With the approach to May, I’m not only preparing for Beltane but also for the Japanese festival Kodomo no Hi – “Children’s Day” or “Boy’s Day.”
Just as Hina Matsuri in Japan is a time to wish for good health for young girls, Kodomo no Hi is a time to pray for the healthy growth of boys. As I have two young nephews, it seems very appropriate for me to observe Kodomo no Hi. This year, I’ve bought little koi-nobori (windsock shaped like koi carp, representing growth) which I’m looking forward to giving my nephews – I’m really glad this one has two koi on it rather than the usual one or three, as it represents my two nephews very well.
I’ve also hung up my own koi-nobori again outside my house. Unlike last year, I haven’t hung it near my Inari altar as last year it kept blowing into the altar and knocking things over! I don’t have a suitable pole to hang it on, so it’s just hanging from the outside lamp. I hope it doesn’t blow away…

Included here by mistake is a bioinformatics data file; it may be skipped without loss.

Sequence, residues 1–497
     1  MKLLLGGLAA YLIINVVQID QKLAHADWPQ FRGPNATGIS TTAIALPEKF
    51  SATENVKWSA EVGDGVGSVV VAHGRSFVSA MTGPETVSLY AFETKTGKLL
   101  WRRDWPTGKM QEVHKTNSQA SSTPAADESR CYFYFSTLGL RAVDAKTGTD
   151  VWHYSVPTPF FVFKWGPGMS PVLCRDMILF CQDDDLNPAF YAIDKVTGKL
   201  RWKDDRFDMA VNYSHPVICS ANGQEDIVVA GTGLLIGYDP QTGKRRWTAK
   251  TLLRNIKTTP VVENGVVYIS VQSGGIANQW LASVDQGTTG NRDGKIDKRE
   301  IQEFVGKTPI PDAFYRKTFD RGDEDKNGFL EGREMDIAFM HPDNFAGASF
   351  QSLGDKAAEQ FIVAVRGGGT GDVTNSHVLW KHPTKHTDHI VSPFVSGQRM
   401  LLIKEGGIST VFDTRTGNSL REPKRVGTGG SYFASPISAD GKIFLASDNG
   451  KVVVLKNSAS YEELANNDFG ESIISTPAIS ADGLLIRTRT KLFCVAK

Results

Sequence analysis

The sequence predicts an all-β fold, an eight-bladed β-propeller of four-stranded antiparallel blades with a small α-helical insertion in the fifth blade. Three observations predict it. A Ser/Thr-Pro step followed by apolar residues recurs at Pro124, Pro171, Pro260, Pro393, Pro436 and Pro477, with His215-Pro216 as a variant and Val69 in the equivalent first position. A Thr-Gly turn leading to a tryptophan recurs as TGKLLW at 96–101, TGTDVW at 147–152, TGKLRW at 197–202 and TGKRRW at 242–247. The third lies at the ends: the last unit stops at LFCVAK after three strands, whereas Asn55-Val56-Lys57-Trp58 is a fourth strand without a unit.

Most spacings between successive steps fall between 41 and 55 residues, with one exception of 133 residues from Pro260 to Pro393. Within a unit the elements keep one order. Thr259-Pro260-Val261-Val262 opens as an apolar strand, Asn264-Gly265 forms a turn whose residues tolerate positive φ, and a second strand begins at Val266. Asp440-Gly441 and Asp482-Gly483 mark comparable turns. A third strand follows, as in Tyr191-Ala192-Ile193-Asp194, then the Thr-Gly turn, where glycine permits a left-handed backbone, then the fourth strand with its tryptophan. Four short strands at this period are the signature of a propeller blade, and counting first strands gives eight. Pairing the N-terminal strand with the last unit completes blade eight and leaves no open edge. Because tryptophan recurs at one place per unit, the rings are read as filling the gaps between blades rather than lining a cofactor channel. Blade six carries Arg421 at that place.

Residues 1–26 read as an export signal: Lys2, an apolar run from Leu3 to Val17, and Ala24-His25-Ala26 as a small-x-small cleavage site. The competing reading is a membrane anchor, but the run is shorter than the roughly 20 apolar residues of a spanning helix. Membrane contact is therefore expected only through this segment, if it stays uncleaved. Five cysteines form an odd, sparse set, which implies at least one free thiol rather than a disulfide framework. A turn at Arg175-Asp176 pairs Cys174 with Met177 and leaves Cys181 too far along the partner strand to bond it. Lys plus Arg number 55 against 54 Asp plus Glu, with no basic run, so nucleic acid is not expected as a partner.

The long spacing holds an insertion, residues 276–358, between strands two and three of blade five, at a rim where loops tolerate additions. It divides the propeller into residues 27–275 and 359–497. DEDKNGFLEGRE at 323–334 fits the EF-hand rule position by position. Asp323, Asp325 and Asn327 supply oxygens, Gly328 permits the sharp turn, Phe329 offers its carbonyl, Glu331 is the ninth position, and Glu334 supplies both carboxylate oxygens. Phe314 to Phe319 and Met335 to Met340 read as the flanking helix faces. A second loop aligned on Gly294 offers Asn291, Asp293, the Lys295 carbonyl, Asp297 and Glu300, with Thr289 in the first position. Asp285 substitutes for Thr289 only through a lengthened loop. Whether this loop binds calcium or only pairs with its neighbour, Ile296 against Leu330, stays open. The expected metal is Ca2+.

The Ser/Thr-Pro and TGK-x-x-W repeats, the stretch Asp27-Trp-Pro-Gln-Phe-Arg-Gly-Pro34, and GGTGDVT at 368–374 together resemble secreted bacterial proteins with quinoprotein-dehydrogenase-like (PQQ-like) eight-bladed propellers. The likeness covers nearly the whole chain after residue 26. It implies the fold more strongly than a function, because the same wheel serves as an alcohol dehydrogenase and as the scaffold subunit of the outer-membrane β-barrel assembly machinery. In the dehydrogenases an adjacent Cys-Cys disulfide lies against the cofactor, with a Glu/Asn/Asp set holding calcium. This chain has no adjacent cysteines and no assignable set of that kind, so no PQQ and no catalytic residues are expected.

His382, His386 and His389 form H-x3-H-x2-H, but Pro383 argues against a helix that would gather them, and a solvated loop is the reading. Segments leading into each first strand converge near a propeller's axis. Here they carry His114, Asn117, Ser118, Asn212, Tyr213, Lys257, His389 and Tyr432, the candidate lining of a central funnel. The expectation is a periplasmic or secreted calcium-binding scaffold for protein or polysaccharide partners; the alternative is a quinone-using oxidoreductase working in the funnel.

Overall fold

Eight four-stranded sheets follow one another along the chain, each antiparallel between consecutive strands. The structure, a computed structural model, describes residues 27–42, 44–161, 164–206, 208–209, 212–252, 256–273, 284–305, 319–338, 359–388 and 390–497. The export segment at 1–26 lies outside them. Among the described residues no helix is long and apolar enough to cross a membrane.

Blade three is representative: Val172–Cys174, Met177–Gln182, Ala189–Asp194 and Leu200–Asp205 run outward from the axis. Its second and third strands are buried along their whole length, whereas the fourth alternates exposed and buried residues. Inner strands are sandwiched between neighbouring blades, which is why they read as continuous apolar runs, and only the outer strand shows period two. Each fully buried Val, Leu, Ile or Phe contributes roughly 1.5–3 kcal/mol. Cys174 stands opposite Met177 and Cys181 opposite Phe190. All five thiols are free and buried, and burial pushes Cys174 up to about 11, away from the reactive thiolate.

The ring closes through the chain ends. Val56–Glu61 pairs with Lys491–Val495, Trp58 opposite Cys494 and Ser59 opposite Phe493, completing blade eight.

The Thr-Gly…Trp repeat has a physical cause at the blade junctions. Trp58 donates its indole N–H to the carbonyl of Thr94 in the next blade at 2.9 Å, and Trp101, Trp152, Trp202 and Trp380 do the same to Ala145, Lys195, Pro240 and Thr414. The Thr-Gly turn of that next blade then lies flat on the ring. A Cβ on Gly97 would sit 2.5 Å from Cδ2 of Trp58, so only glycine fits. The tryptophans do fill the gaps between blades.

You can read more about Kodomo no Hi (and its similarities to nearby Beltane) on my post from last year here.
While I was putting up the koi-nobori, I noticed that I have two narcissus flowers blooming in a tiny patch of earth outside. They’re late bloomers (probably because they don’t get a lot of sun where they are), but they’re very pretty. What’s strange about them is that they’re “double headed,” with two flowers on each stalk. This “doubleness,” coupled with their white/orange-red colour scheme, does remind me a little of Inari Okami’s fox guardians. A positive sign!